Study: Smokers better off quitting, even with weight gain

In this June 22, 2012 file photo, a smoker extinguishes a cigarette in an ash tray in Sacramento, Calif. (AP)
Updated 18 August 2018

Study: Smokers better off quitting, even with weight gain

  • Quitters saw their risk of diabetes increase by 22 percent in the six years after they kicked the habit
  • The people enrolled in the studies were all health professionals, and did not mirror current smokers in the general population, who are disproportionately low-income, less-educated and more likely to smoke heavily

NEW YORK: If you quit smoking and gain weight, it may seem like you’re trading one set of health problems for another. But a new US study finds you’re still better off in the long run.
Compared with smokers, even the quitters who gained the most weight had at least a 50 percent lower risk of dying prematurely from heart disease and other causes, the Harvard-led study found.
The study is impressive in its size and scope and should put to rest any myth that there are prohibitive weight-related health consequences to quitting cigarettes, said Dr. William Dietz, a public health expert at George Washington University.
“The paper makes pretty clear that your health improves, even if you gain weight,” said Dietz, who was not involved in the research. “I don’t think we knew that with the assurance that this paper provides.”
The New England Journal of Medicine published the study Wednesday. The journal also published a Swedish study that found quitting smoking seems to be the best thing diabetics can do to cut their risk of dying prematurely.
The nicotine in cigarettes can suppress appetite and boost metabolism. Many smokers who quit and don’t step up their exercise find they eat more and gain weight — typically less than 10 pounds (4.5 kilograms), but in some cases three times that much.
A lot of weight gain is a cause of the most common form of diabetes, a disease in which blood sugar levels are higher than normal. Diabetes can lead to problems including blindness, nerve damage, heart and kidney disease and poor blood flow to the legs and feet.
In the US study, researchers tracked more than 170,000 men and women over roughly 20 years, looking at what they said in health questionnaires given every two years.
The people enrolled in the studies were all health professionals, and did not mirror current smokers in the general population, who are disproportionately low-income, less-educated and more likely to smoke heavily.
The researchers checked which study participants quit smoking and followed whether they gained weight and developed diabetes, heart disease or other conditions.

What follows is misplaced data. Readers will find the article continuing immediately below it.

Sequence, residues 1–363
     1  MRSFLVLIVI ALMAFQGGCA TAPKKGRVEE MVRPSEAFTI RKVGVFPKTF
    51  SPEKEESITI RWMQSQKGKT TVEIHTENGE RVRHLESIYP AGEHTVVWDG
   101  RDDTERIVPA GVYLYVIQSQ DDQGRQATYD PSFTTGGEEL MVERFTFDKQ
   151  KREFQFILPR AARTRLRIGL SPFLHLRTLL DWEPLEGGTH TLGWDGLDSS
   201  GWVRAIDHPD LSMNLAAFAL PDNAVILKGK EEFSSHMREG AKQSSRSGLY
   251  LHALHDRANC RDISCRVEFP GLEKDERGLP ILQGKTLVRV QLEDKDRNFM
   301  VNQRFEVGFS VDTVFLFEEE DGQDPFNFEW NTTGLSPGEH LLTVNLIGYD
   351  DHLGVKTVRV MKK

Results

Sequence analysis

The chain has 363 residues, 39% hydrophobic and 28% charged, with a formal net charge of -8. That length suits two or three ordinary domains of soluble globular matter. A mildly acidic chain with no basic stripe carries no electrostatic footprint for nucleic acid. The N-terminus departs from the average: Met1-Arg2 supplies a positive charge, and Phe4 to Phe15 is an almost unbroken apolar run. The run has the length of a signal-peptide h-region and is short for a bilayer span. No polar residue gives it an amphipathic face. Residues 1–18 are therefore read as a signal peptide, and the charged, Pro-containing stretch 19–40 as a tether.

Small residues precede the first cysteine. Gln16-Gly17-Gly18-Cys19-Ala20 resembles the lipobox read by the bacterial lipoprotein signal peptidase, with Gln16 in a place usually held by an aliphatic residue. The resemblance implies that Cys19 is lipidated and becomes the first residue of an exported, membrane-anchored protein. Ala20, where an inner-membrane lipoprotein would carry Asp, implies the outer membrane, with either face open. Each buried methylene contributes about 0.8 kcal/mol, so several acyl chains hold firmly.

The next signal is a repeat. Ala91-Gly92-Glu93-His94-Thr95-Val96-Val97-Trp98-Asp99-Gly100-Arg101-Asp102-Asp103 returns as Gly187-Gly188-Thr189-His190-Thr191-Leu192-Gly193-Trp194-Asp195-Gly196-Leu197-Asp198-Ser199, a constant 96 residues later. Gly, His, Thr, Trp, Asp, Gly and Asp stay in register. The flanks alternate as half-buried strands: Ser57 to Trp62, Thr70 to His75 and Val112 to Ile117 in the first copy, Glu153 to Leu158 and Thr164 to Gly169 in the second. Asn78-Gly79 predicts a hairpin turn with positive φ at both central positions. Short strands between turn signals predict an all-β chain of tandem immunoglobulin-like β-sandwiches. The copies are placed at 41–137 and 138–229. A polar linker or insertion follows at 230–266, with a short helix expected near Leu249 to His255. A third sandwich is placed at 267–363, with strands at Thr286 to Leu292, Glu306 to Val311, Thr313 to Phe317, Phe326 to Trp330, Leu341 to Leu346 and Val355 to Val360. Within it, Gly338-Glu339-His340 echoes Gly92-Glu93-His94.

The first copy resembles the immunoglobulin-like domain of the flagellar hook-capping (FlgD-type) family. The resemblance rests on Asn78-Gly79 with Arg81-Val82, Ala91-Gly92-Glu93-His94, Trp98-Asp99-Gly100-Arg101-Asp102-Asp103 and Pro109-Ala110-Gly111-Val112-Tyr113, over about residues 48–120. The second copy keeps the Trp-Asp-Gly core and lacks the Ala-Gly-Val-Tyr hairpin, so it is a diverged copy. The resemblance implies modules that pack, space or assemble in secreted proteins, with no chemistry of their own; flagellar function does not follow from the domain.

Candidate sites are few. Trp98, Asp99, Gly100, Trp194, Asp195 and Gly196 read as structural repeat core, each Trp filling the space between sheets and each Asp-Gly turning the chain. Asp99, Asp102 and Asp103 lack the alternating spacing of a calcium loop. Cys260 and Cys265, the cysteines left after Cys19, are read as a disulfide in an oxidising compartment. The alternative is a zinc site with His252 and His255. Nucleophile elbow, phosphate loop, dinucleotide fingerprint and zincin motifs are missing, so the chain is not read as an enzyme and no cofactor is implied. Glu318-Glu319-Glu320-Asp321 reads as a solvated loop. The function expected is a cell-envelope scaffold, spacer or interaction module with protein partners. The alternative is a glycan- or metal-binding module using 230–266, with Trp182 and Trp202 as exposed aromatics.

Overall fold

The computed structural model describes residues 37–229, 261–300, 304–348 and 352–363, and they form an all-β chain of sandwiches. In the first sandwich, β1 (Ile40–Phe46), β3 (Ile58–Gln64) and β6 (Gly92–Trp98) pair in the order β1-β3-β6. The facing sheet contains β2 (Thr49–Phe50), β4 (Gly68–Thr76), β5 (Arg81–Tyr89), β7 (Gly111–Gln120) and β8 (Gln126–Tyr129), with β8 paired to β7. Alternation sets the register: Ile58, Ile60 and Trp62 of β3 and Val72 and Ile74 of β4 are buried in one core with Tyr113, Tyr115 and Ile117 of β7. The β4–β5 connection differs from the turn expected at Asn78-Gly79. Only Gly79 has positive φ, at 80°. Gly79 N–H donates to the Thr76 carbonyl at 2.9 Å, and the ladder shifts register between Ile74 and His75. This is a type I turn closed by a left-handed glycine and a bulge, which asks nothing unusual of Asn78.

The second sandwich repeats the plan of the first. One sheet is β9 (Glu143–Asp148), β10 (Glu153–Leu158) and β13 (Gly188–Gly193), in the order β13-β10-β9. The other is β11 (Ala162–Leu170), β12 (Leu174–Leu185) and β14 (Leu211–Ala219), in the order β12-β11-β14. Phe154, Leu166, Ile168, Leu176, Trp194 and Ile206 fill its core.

Quitters saw their risk of diabetes increase by 22 percent in the six years after they kicked the habit. An editorial in the journal characterized it as “a mild elevation” in the diabetes risk.
Studies previously showed that people who quit have an elevated risk of developing diabetes, said Dr. Qi Sun, one the study’s authors. He is a researcher at the Harvard-affiliated Brigham and Women’s Hospital.
But that risk doesn’t endure, and it never leads to a higher premature death rate than what smokers face, he said.
“Regardless of the amount of weight gain, quitters always have a lower risk of dying” prematurely, Sun said.


NASA finds Indian moon lander with help of amateur space enthusiast

Updated 03 December 2019

NASA finds Indian moon lander with help of amateur space enthusiast

  • NASA released an image taken by its Lunar Reconnaissance Orbiter that showed the site of the spacecraft’s impact
  • A version of the picture was marked up to show the associated debris field

WASHINGTON: India’s Vikram lunar lander, which crashed on its final approach to the Moon’s surface in September, has been found thanks in part to the sleuthing efforts of an amateur space enthusiast.
NASA made the announcement on Monday, releasing an image taken by its Lunar Reconnaissance Orbiter (LRO) that showed the site of the spacecraft’s impact (September 7 in India and September 6 in the US).
A version of the picture was marked up to show the associated debris field, with parts scattered over almost two dozen locations spanning several kilometers.
In a statement, NASA said it released a mosaic image of the site on September 26 (but taken on September 17), inviting the public to compare it with images of the same area before the crash to find signs of the lander.
The first person to come up with a positive identification was Shanmuga “Shan” Subramanian, a 33-year-old IT professional from Chennai, who said that NASA’s inability to find the lander on its own had sparked his interest.
“I had side-by-side comparison of those two images on two of my laptops ... on one side there was the old image, and another side there was the new image released by NASA,” he said, adding he was helped by fellow Twitter and Reddit users.
“It was quite hard, but (I) spent some effort,” said the self-professed space nerd, finally announcing his discovery on Twitter on October 3.
NASA then performed additional searches in the area and officially announced the finding almost two months later.
“NASA has to be 100% sure before they can go public, and that’s the reason they waited to confirm it, and even I would have done the same,” said Subramanian.
Blasting off in July, emerging Asian giant India had hoped with its Chandrayaan-2 (“Moon Vehicle 2“) mission to become just the fourth country after the United States, Russia and regional rival China to make a successful Moon landing, and the first on the lunar south pole.
The main spacecraft, which remains in orbit around the Moon, dropped the unmanned lander Vikram for a descent that would take five days, but the probe went silent just 2.1 kilometers above the surface.
Days after the failed landing, the Indian Space Research Organization said it had located the lander, but hadn’t been able to establish communication.